Similar to CISADA (and other sections of US sanctions-related laws), Section 311 of the USA PATRIOT Act allows the Financial Crimes Enforcement Network (FinCEN) – a separate part of the US Treasury Department that oversees and enforces US anti-money laundering regulatory compliance as its Financial Intelligence Unit (FIU) – to impose conditions on, or prohibit the opening or maintenance of, correspondent accounts for countries and foreign financial institutions who are of “primary money laundering concern.”

Over the years, a number of Asian firms have had Special Measure 5 (the one which prohibits having correspondent accounts) imposed. These include Macau-based Banco Delta Asia (since 2007) and China-based Bank of Dandong (since 2017), both of which remain on the Section 311 List to this day. It should be noted that it is possible to regain access to correspondent services; Myanmar Mayflower Bank and Asia Wealth Bank both spent 8 years on the list until they were removed in 2012.

The US Court System & Section 319

Section 319 of the USA PATRIOT Act states that, should a foreign financial institution fail to comply with a summons for records related to its US correspondent banking accounts, the Secretary of the Treasury or the Attorney General can direct the correspondent bank to close the related account. Additionally, the firms can be held in contempt of court, and fined, for failure to respond to the subpoena.

At the end of July, a US appeals court upheld a lower court’s contempt finding against three Chinese banks, and ordered fines of USD 50,000 a day on each firm, starting 8 August, for not complying with a subpoena related to an investigation into potential North Korean sanctions violations. Additionally, the order affirmed that Section 319 can be invoked against one of the bank’s US correspondent accounts.

Other penalties?

There are other potential consequences for not fully appreciating the extent of regulatory requirements. For example, a number of US sanctions laws can impose restrictions on access to financial markets short of losing access completely, such as losing the right to be a primary dealer in US securities.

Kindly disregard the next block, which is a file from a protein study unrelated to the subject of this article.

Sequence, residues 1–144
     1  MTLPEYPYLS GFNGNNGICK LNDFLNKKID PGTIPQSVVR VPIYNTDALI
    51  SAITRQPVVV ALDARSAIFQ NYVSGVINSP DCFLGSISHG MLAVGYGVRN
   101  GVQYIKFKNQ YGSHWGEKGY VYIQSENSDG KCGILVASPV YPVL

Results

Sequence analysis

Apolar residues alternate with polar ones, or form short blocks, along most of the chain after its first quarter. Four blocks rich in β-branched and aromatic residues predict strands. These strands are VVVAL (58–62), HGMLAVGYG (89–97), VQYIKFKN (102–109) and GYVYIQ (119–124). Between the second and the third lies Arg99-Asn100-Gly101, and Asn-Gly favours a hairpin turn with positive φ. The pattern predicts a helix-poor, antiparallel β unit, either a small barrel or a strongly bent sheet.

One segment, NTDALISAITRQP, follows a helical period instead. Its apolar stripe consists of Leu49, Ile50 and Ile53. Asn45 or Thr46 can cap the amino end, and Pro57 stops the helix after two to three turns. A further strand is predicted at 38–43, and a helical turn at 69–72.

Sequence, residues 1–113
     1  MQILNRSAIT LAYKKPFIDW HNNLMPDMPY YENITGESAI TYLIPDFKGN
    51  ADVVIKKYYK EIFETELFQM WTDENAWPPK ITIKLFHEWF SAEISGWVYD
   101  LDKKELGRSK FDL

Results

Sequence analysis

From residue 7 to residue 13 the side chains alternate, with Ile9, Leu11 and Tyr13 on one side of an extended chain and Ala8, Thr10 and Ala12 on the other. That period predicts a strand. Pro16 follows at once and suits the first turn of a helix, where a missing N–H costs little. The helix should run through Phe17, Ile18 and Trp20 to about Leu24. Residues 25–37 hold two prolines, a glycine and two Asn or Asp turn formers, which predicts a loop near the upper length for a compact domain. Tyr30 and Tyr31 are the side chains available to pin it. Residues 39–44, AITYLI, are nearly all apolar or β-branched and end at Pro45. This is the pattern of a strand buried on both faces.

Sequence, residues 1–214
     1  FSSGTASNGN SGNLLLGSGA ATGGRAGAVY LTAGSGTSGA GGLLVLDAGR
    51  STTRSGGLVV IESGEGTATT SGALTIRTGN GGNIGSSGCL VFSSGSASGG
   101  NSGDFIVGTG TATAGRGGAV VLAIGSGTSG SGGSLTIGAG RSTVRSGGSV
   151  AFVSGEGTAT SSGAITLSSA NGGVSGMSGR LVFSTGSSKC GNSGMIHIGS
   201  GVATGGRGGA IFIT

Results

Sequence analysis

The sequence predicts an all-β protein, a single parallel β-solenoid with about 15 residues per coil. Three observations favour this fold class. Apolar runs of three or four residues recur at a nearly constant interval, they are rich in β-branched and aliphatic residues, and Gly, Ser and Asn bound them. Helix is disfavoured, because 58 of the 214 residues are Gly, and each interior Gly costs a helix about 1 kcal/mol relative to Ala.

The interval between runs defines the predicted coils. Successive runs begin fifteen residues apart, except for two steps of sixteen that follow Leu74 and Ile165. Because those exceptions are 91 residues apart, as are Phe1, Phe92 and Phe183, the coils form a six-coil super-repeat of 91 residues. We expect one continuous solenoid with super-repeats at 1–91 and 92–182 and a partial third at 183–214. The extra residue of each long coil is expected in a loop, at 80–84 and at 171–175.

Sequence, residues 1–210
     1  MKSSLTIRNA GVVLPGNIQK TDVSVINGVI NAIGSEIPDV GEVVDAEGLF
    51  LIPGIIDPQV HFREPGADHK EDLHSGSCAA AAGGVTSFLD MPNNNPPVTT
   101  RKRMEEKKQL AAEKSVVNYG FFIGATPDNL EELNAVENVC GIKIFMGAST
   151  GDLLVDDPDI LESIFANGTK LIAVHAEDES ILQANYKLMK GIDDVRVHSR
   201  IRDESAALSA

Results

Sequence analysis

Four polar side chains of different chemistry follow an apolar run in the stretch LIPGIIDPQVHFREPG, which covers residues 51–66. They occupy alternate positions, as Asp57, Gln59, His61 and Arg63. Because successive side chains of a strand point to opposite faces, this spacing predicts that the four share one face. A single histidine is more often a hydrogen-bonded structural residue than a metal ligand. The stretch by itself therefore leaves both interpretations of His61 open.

Additionally, if one exports US-origin goods or services to Iran (or, potentially, is part of a conspiracy to do so by providing the financial services to consummate those transactions),  one can be assessed a fine by the Office of Foreign Assets Control (OFAC), the US sanctions regulator – or be barred or restricted from receiving further exports from US companies.

Such was the case with ZTE and COSL Singapore, neither of whose circumstances involved other US activities. While they were not obligated to pay OFAC’s fines, they likely complied to remove (in ZTE’s case) or avoid future restrictions or prohibitions on goods being exported to them.

Reading is fundamental

Once published, a law, regulation, guidance or advisory creates liability for all who are subject to those requirements. Additionally, guidance and advisories create regulatory expectations for the standard of care to be exhibited to those who need to follow the requirements.

While there are some US laws and regulations for which one’s actual knowledge of the requirements is a pillar of determining liability, those are generally limited to personal criminal activity. In general, when it comes to US laws that are binding on corporations and other organisations, ignorance is not an excuse.

So? So, read – all of it – or engage specialists who have and will continue to do so. The potential consequences of running afoul of requirements one is unaware of are too great a risk.

Eric A. Sohn, CAMS is global market strategist and product director, Dow Jones Risk & Compliance in New York.